One of the issues most frequently raised with Bruce Russell is his use of a young female narrator in Jacob's Air. In response to speculation about his intentions, Russell explains his strategy as an attempt to achieve some distance from the emotionally charged, at times anguishing, autobiographical elements of his novel. 'I was coming at a story that I knew too well, from the inside,' he observes. 'I was so far inside the story that I couldn't get a good perspective.' Abandoning eighty pages of an earlier version told in the third person, he created Delmarie Fairbridge, whom he describes as 'tough enough and experienced enough to tell the story, but also removed.'
Deli not only functions as an effective distancing device. In creating her, Russell also drew on his experience as a trainer for drug counsellors. Formerly at the Centre for Education and Information on Drugs and Alcohol, and, since his move to Western Australia in 1990 as the Manager of the Communication Skills Training Centre (part of the Department of Family and Children's Services), his knowledge of addictive behaviour and of family and group dynamics clearly informs his conception and construction of character and relationships in Jacob's Air.
But Russell does not want his novel to be read as merely a form of therapy or as an unmediated account of personal experience. While he likes readers who can 'let themselves go with the imaginative flow of the book', he is also pleased if readers can appreciate its craftsmanship. What he seeks to achieve in his writing is a combination of improvisation and control, of allowing the imagination free play - enjoying what he describes as 'that delicious space you can have for yourself' - within a certain frame or structure. In Jacob's Air, he combines improvisation and design, free play and artifice, through the self-conscious use of 'a year in the life' of a communal household as a frame for the spontaneous, diary-like jottings and observations of the narrator. Similarly, while relationships in the novel are depicted as free-wheeling and fluid, Russell has deliberately used a series of different and sometimes overlapping triangles as a frame or structure - the most obvious consisting of the Octavia inhabitants Deli, Jacob and Henry.
This interest in improvisation and design is also evident in Russell's new novel, The Chelsea Manifesto, set in 1990s Western Australia and New York. Seen from the point of view of a male narrator, it is centrally concerned with the psychological and emotional entanglements of the father-daughter relationship - with feelings of abandonment, betrayal, anger and longing. The main structuring device of this work-in-progress is the metaphor of the geodesic dome.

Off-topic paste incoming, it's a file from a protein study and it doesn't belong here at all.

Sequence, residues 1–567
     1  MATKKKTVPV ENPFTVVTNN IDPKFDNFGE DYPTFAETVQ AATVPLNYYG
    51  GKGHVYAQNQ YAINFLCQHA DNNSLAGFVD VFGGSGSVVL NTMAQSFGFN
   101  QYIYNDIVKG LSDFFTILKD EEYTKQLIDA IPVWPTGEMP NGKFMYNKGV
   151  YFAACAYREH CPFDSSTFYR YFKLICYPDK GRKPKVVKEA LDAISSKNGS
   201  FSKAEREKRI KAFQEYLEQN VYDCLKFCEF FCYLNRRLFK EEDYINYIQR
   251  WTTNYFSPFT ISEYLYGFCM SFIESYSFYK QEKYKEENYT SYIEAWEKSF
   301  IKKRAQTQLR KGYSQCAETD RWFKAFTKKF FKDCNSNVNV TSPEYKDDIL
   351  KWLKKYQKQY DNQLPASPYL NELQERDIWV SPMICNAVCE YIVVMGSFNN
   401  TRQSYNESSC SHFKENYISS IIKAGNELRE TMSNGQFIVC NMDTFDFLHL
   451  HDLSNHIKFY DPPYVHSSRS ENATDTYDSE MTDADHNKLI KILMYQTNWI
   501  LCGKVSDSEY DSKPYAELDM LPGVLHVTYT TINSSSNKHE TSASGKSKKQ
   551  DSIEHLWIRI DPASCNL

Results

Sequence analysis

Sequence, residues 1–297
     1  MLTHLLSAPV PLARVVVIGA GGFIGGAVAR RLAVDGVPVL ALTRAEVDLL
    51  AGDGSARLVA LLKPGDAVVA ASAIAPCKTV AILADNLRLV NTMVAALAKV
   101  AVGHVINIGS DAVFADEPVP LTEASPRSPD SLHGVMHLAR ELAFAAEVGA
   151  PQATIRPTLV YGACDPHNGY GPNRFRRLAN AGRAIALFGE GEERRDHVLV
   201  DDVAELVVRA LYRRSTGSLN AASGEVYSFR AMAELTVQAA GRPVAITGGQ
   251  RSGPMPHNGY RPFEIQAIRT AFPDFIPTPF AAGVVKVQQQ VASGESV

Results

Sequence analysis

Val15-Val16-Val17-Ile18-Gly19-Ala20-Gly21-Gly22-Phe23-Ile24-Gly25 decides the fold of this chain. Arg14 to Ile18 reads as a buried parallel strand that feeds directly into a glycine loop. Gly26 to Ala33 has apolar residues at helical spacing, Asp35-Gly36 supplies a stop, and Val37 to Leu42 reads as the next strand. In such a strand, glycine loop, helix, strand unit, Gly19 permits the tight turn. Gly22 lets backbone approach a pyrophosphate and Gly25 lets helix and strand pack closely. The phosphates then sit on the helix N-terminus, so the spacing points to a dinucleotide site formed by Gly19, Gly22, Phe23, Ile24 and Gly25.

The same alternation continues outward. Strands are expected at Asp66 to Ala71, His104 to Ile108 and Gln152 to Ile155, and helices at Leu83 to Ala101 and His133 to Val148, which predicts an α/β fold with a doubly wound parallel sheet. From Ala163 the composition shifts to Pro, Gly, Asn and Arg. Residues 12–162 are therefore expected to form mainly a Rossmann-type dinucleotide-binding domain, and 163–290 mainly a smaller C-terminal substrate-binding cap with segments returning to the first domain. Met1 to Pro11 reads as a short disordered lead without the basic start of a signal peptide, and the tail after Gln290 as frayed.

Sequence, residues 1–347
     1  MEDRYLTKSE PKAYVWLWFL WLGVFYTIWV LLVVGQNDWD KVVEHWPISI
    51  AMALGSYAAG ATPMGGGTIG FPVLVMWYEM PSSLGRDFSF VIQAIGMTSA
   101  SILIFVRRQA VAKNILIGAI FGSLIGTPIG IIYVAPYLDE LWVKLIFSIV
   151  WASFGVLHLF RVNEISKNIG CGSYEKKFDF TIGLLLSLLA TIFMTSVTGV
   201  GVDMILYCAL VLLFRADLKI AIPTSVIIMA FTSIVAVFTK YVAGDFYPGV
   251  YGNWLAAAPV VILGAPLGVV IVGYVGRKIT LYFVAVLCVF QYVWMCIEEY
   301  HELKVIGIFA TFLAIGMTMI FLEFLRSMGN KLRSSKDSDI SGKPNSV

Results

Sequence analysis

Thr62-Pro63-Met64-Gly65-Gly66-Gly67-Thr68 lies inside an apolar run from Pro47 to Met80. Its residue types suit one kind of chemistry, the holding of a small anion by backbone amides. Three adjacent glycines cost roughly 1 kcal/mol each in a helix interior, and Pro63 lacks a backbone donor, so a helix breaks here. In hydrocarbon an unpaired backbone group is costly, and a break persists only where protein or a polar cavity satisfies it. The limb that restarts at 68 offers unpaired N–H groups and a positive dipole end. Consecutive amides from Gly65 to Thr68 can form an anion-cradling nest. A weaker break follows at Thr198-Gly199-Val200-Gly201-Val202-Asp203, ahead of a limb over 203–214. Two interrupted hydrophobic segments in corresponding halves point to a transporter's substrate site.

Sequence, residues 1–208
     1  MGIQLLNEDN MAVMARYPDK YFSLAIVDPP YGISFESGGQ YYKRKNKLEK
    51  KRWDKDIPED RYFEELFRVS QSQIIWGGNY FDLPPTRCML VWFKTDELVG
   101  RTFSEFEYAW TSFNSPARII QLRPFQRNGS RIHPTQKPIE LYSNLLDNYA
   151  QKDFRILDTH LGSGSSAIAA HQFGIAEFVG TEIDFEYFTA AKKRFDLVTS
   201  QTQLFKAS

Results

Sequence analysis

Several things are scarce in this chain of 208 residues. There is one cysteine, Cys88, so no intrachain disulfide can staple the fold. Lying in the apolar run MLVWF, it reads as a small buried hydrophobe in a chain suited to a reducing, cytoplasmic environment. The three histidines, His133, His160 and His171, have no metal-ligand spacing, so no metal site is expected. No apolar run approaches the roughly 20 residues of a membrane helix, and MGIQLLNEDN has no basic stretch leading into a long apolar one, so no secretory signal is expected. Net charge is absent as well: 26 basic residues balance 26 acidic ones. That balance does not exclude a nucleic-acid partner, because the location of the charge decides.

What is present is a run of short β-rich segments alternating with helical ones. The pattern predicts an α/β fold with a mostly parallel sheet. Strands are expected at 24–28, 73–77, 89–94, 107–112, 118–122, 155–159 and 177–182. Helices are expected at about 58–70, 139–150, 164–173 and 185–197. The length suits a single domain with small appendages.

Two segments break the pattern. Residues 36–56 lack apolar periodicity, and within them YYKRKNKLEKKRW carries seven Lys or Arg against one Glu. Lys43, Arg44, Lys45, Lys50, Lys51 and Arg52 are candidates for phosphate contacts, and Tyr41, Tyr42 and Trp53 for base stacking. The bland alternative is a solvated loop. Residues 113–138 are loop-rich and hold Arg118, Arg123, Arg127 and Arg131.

Not surprisingly, Russell
is involved with Perth's Playback Theatre, an improvisational group which works
with the stories of audience members. As his novels demonstrate, such an activity
requires a capacity for both spontaneity and discipline, and an awareness of
the complex and ambiguous ways in which the stories of others are bound up with
1) A central theme of Jacob's Air is the search for a meaningful sense of community. The novel offers a variety of models, including the nuclear family, group households, heterosexual romance, female friendship and platonic male-female relationships. Which does the novel see as more sustaining, and why?
2) One of the novel's characters observes that 'women and men come from two different planets.' (p. 228) Does Jacob's Air bear out this view of the fundamental incompatibility or mutual estrangement of the sexes?
3) What significance does Basiewski have for Delmarie in her struggle to re-invent herself?
4) At one stage of the novel Delmarie voices the desire to be a 'happy normal'. What does she mean by this, and are there any examples in Jacob's Air? Does she ultimately become a 'happy normal'?
5) The novel is both a celebration and a critique of a 1980s counter-cultural urban life. What are the perceived merits and limitations of this life-style?
6) Deli at one stage describes Jacob as 'the black knight' in Henry's Camelot. (p. 20) What might this allusion signify?
7) Jacob's suicide, like all suicides, demands explanation. His death is variously attributed to the psychological and emotional dynamics of his family, the insensitivity and selfishness of his friends and of his brother in particular, a medical condition and, in the words of Basiewski, in terms of an inability to 'contact pleasure' - for Basiewski, Jacob 'died of dysphoria.' (p. 262) How much weight does the novel attach to these various explanations?
8) There are numerous examples of triangular relationships in the novel, which suggest the desires, anxieties and power plays among the various characters. Consider the significance of some of these relationships.
9) Delmarie's search for identity culminates in the discovery of her vocation as an artist. What kind of art does she eventually produce, and how might it be connected to her relationship with Jacob?
10) Consider the possible significance of the title. Why, for instance, is the character of Jacob given such centrality? What is the biblical significance of his name? And consider the connection between the 'air' in the title with Jacob's asthmatic condition, Deli's final words about his need for air, and her own position in the loft at the end of the novel.